Arkle has seen off Desert Orchid and Red Rum to top a poll of the all-time favourite racehorses in Britain and Ireland.
The legendary Irish steeplechaser, winner of the Cheltenham Gold Cup three years running, came out top in a vote conducted by the Racing Post newspaper.
With dual Gold Cup winner Best Mate looking to emulate him with a third success in March, we look at what made Arkle so popular.
One word of two syllables and just five letters, the name Arkle has come to represent the pinnacle of achievement in jump racing.
It is 40 years since Arkle won the first of his three consecutive Cheltenham Gold Cups but his achievements have stood the test of time.
Born: 19 April, 1957
Died: 31 May, 1970
Owner: Anne, Duchess of Westminster
Trainer: Tom Dreaper
Main jockey: Pat Taafe
Prize money won: £95,198
As well as his Cheltenham treble, he also won the King George VI Chase, the Irish Grand National and two Hennessy Gold Cups.
Such was his class that when running in handicaps, he was forced to give away huge amounts of weight - yet still managed to come home in front.
In his 34 races under rules, he carried at least 12 stone in 23 of them but finished with a career total of 27 victories.
In many races, he would be allotted two or three stone more than his rivals, even though they were top-class horses in their own right.
In the 1964 Irish National, the handicappers were forced to draw up two sets of weights - one for if Arkle ran, one if he did not.
Arkle had to shoulder at least two stone more than all his rivals. He still won.
The horse's phenomenal success came in a career cut short in its prime at the age of nine when he fractured a pedal bone in the King George VI Chase at Kempton.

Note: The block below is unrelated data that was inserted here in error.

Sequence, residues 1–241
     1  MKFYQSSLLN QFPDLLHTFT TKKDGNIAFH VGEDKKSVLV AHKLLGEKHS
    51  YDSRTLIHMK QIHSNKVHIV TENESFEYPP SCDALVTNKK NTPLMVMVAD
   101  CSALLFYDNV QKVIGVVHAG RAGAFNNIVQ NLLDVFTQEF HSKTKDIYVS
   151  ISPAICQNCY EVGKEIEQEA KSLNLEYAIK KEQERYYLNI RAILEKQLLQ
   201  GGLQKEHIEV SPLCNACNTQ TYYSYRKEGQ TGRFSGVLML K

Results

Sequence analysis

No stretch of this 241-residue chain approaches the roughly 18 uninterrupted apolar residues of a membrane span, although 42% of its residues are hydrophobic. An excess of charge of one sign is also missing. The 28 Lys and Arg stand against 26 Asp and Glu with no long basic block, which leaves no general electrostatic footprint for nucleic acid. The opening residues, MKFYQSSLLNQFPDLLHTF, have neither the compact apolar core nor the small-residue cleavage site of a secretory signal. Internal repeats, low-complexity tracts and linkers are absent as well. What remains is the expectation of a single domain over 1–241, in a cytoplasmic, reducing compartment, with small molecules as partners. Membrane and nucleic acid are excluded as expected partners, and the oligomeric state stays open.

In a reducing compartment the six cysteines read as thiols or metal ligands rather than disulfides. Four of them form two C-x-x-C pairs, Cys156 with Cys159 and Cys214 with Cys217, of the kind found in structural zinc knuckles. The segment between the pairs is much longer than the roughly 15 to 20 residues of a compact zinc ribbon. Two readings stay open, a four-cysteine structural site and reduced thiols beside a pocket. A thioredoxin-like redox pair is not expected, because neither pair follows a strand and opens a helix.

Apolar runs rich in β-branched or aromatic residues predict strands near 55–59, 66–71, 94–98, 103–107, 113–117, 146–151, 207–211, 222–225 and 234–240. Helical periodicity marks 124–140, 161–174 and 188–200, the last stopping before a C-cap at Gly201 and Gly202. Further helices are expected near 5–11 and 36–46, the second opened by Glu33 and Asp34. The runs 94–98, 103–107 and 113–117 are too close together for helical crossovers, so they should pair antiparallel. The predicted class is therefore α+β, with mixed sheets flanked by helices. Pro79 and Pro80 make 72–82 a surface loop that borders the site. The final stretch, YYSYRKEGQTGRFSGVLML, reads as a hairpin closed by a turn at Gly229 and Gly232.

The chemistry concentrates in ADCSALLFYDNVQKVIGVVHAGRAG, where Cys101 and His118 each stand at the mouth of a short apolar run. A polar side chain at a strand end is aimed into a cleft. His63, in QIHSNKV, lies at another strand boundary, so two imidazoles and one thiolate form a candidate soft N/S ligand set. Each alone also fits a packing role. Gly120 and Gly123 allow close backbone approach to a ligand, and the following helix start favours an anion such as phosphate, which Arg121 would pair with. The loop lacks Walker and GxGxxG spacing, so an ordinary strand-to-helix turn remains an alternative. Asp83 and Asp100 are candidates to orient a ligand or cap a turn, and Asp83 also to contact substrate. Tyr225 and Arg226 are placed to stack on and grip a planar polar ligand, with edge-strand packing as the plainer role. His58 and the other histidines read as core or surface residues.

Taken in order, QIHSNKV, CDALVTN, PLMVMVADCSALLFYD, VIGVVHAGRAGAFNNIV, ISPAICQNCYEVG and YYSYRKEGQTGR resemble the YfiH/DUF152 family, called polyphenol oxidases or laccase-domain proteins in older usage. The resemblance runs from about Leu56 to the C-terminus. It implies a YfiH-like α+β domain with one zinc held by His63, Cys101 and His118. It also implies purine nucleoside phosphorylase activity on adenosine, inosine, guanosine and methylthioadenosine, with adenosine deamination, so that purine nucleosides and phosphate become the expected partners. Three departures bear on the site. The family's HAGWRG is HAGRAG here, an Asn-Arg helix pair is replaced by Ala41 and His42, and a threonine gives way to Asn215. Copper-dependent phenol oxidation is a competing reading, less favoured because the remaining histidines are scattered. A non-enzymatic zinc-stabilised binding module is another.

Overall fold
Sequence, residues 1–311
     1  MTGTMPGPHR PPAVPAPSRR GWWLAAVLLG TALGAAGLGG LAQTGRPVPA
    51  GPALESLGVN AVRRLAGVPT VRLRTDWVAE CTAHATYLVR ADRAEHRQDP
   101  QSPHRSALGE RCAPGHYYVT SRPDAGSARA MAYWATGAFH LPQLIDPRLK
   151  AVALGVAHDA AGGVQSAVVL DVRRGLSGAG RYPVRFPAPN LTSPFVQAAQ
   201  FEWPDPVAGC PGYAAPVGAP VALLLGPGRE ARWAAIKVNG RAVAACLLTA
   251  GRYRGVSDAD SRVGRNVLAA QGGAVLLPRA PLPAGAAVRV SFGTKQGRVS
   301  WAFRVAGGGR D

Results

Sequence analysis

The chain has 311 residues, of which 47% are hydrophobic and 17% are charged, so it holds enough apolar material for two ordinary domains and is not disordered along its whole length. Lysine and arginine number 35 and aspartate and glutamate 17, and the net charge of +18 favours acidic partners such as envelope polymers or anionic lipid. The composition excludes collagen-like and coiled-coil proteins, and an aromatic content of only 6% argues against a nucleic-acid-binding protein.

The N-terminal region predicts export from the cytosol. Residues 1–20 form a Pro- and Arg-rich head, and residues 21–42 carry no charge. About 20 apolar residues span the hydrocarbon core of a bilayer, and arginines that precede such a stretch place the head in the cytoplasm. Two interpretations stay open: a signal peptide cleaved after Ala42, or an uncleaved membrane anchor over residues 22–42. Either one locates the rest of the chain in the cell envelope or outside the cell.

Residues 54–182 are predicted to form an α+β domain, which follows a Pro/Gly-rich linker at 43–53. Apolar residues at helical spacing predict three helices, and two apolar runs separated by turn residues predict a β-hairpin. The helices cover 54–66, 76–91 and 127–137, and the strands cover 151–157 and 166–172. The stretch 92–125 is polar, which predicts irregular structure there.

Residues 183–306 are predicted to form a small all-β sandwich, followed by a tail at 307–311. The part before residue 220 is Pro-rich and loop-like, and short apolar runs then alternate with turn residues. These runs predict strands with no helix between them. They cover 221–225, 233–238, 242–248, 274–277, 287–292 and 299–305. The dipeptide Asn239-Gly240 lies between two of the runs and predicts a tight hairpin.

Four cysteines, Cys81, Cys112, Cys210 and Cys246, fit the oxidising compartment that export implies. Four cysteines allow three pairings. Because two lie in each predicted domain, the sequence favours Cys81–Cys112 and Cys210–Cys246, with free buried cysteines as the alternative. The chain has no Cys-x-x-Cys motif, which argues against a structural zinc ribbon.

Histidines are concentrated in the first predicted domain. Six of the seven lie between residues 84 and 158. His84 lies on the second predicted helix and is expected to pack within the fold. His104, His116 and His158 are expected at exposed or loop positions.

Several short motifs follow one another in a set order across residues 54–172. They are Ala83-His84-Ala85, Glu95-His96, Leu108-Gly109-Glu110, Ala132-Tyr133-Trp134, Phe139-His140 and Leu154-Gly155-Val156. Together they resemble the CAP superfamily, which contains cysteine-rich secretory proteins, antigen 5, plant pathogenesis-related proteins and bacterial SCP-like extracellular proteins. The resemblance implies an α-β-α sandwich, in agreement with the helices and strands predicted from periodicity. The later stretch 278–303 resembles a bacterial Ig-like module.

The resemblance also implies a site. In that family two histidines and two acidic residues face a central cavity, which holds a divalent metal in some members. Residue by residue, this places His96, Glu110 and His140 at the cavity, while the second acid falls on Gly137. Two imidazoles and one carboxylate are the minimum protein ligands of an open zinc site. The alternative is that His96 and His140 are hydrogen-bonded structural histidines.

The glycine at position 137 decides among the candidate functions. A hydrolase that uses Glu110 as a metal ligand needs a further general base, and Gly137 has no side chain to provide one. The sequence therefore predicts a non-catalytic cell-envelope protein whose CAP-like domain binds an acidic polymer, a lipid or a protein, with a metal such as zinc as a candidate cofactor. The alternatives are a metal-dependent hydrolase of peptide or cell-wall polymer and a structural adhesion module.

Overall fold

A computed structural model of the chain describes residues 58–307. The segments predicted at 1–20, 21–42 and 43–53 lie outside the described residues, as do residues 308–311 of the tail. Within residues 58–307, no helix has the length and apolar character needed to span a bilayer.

Despite probably incurring the injury early in the race, he battled on and was beaten into second by just half a length.
Cheltenham is where true National Hunt champions prove themselves, and Arkle was no exception, fittingly making his (winning) chasing debut there in November 1963.
He was back for the Festival the following March where he won what is today known as the Royal & SunAlliance Novices' Chase.
The Gold Cup itself was that year won by Mill House and the subsequent rivalry between him and Arkle, billed as a clash between England and Ireland, became one of the most famous of all-time.
When the pair first met in the Hennessy the following season, Mill House prevailed but Arkle had his revenge in the 1964 Gold Cup.
His success the following two years saw him established as a legend at the course, where he is one of just three horses to be honoured with a special statue.
And it made him a star not just in the racing world, where he was known simply as "Himself", but beyond.
ARKLE: A RACING LEGEND
Arkle was named after a mountain in Scotland
In his final 12 races, Arkle carried top weight of at least 12 stone - but still won nine of them
Arkle's main daily feed was made up of oats, mashed together with six eggs and two bottles of Guinness
Reports of his races often featured on the nightly news in Ireland while updates on his condition after his career-ending injury at Kempton were carried on the front pages in England.
Attendances swelled at meetings where he was running while he received fan mail by the sackful - some of it addressed simply to "Arkle, Ireland" or when he was recuperating after his injury in England, "The Champion, Kempton".
Arkle ran his last race in 1966 - it was hoped he would recover enough to race again but he was officially retired in 1968.
He spent his retirement years at the Irish home of his owner, Anne, Duchess of Westminster, but advancing arthritis led to him being put down in 1970.
Arkle remains the last horse to have won three consecutive Gold Cups.
And he still holds the course record at Sandown, where in the 1965 Gallagher Gold Cup under a weight of 12st 7lb, he somehow slashed 17 seconds (roughly the equivalent of 65 lengths) off the old mark.
His grave is marked simply "Arkle". For the greatest ever steeplechaser, no further words were necessary.